“It’s a tough job. Hundreds of athletes and their parents from Norway and from all over Europe were calling me this year to ask whether they could come and take part in the competitions – and I had to tell No to all of them!”
Arne Idland, the guy who invented, developed and runs Blink Skifestival sounds truly frustrated.
One of the premier events of the international cross-country and biathlon seasons will take place this year as scheduled – but in a highly altered form.
The Norwegian rules in place for COVID-19 epidemics are among the strictest in Europe currently and the Blink organizers had to think outside the box
What’s going to be business as usual:
All Norwegian stars of xcskiing and biathlon plus strongest Visma Ski Classics series teams will come to Sandness in western Norway as become a tradition. That includes the top juniors.
NRK, the national television broadcaster, will show all of the races, most of them live with their standard top-quality television production.
Therese Johaug will win the famed Lysebotn uphill race. Sorry, had to say that.
What will be amiss/different this year:
All the foreign stars that made a habit of attending ( and winning – check the last years’ results!) will not be there this year. That includes even those who live in Norway e.g. the Andrew Musgrave, Andrew Young and Jimmy Clugnet, to name but a few. Reason? “ it wouldn’t fair to all the Norwegians who are not allowed to participate as they are not a part of the national team”
No satellite competitions. Blink Skifest always made a point of mixing true world stars and very young athletes or even newbees. One minute Ustiugov or Falla wins – next minute 10 year old kids run along the same cheering stands. Great idea – but not this year.
No spectators. Blink as well as somewhat rival Toppidrettsveka are so cool because they is always a mixture of competition and partying in the evening, both with their unique festive atmosphere that the winter World Cup stages, alas, lack.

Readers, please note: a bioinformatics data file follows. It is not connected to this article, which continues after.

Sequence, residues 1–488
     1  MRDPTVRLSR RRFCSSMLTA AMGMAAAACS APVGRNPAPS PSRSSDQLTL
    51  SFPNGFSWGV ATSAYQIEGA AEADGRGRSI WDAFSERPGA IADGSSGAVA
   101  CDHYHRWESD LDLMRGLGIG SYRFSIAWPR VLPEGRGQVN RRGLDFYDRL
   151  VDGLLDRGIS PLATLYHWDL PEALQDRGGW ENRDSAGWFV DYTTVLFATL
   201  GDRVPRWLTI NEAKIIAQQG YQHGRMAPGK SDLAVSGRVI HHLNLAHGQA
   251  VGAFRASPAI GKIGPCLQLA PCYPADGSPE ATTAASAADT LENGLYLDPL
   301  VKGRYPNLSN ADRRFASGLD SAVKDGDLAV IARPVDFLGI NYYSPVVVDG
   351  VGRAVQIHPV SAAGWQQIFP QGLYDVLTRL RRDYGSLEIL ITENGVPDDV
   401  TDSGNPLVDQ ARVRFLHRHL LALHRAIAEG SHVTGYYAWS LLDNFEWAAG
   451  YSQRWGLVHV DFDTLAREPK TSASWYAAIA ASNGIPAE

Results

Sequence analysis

No mass-starts. All races – including marquee Lysebotn climb – will be individual start with some special “socially responsible” rules on overtaking competitors.
There are silver linings in those pretty sad clouds:
The newly built Sandnes rollerkski/summer biathlon complex is all ready and will become the venue of the most competitions. We heared from several Blink-attending coaches that Sandnes track might actually be the best in the world for training purposes – let’s see how it works out as a competition arena.
“The big upside is that Blink is the major event for NRK this summer! In 2020 we were expected to fight with the summer Olympic Games for the audience attention in Norway – now we are one of the very few big sporting events on TV in the summer! NRK will show no less than 21 hour of competitions – it’s a record!” says Idland
With Johaug, Klaebo & Co appearing in competitions on television for the first time since March, Blink Skifestis guaranteed the attention domestically and will stir quite a bit of an interest abroad. And it’s great to see the event surviving circumstances so daring as this year’s
“We will survive and will come back even stronger next year!” Idland promises. Many cheers to that!
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